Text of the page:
Is Paul McCartney Still Making Millions Every Time He Performs?

It’s been almost 50 years since The Beatles broke up. As far as the band’s two surviving members are concerned, that’s just a number. In the case of Ringo Starr, the former Beatles drummer was working his way through a tour of Japan in April. He’s headed to North America later this summer.

As for Paul McCartney, the great songwriter and performer also continues to tour in 2019. During a recent jaunt through South America, Paul managed to turn up on the Billboard Hot Tours list for his earnings in March.

Actually, Paul didn’t just place on the Hot Tour list; he nearly topped all artists after earning a small fortune for four concerts played over the course of a week in Brazil and Argentina. (By average earnings, he indeed was No. 1.)

In fact, at the age of 76, he’s pulling in box-office receipts that put almost everyone else in the business to shame.

Paul averaged over $4.4 million per show in the last week of March.

No one dreamed of $4 million shows when The Beatles began touring in 1963. |Daily Mirror/Mirrorpix/Mirrorpix via Getty Images

How many recording artists can fill 50,000-seat stadiums these days? There aren’t many, but Paul McCartney is definitely one of them.

On March 26-27, he averaged over 45,000 fans per night at Alliance Parque in Sao Paolo, Brazil. In dollar terms, Billboard quoted it at $8.7 million for the two-night stand.

But he’d just come from an even bigger show in Buenos Aires, Argentina. For his March 23 gig at Campo Argentino de Polo, he took in a staggering $5.7 million for a single show. That nearly matched his take from two nights ($11.8 million, $5.9 million per show) in Buenos Aires back in 2016.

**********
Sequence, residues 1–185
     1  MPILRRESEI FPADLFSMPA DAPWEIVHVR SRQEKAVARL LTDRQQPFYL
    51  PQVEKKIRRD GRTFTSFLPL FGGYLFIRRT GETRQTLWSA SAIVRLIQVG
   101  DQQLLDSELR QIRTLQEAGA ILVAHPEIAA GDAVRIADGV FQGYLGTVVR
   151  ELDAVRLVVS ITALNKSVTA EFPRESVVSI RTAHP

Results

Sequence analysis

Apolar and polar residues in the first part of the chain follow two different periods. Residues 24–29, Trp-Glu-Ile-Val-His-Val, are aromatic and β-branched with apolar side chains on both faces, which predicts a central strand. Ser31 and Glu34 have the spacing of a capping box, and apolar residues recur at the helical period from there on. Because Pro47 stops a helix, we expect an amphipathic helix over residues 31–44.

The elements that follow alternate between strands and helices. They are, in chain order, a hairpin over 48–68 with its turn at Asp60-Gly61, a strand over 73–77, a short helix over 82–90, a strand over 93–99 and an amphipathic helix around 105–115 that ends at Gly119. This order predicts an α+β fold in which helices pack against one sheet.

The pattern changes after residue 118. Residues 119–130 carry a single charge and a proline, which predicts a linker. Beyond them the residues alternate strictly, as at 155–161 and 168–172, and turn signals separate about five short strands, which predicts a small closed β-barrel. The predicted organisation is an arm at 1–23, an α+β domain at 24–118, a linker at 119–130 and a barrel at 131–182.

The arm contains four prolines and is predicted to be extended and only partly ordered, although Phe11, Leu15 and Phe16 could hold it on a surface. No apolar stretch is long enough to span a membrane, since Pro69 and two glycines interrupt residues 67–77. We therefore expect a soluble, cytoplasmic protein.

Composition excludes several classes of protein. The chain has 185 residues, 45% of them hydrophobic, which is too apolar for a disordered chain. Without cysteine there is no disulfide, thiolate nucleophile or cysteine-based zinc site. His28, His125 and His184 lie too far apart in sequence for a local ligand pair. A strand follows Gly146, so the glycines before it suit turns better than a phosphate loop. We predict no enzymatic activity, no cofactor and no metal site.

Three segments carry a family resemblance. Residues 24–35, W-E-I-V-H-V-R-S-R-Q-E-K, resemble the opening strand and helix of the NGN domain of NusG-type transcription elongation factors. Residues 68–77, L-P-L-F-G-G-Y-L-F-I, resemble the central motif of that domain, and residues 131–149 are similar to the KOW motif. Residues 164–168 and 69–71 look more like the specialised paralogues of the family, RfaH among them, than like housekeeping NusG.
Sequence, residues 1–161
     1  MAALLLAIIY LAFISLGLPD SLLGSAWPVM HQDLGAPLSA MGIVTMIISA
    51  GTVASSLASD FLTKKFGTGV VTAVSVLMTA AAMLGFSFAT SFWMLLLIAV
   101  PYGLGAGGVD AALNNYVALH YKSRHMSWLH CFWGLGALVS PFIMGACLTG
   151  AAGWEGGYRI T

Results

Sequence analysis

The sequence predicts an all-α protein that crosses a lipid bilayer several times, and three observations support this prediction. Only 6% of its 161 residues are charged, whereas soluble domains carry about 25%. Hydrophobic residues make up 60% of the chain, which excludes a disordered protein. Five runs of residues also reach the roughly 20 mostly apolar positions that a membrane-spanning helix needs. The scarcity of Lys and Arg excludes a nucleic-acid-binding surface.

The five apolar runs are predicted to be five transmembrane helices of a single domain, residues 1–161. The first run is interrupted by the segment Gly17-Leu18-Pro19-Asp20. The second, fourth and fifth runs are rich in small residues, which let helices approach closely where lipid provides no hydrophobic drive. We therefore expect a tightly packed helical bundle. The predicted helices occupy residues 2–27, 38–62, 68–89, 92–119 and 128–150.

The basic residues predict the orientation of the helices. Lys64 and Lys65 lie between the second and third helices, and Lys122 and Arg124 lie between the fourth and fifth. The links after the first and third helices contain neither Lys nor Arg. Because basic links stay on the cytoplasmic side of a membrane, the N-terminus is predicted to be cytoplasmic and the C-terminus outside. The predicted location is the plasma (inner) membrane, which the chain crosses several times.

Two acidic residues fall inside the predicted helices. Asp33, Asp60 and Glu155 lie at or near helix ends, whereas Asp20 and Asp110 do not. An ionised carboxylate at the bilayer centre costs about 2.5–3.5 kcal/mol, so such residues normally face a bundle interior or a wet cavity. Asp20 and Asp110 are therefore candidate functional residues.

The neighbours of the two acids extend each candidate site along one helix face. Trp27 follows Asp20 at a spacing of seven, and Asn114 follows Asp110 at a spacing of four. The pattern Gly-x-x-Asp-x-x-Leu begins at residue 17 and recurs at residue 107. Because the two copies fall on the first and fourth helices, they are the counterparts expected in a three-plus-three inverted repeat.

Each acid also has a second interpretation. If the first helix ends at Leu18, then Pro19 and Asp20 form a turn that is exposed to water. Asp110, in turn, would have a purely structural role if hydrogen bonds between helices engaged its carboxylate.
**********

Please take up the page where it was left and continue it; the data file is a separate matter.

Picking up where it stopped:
But that only accounted for three shows. With his fourth and final stop of the week (March 30 in Curitiba, Brazil), Paul added another $3.7 million to the coffers. That put his earnings at $4.45 million per show.

Paul still stages $100 million tours and is the richest rock star of all time.

Paul McCartney plays for 65.000 people during the ‘Up and Coming Tour’ at Morumbi’s stadium, Sao Paulo, Brazil. | Paulo Fridman/Corbis via Getty Images

While Paul’s tour earning in 2019 are stunning, he established his dominance in this area many years ago. In 2015, he posted $56.5 million in earnings. Two years later, he stunned everyone with a $132 million take for the ‘One on One’ tour in the 2017 calendar-year.

That massive sum came for 37 shows on the year, meaning he averaged over $3 million per concert. Once you start adding these numbers together, it’s easy to see how Paul became the richest rock star of all time.

Of course, it all began with his career as a founding member of The Beatles. But his wealth grew to unfathomable levels after he went solo. He had a number of No. 1 singles and albums through the 1970s and ’80s.

When his wife Linda died at the turn of the century, she left him a sum estimated near $200 million. Since he was already worth around $500 million and continues posting huge earnings to this day, you can understand how Paul became the first billionaire rock star.

In worth, his net worth stands at — and could exceed — $1.2 billion.

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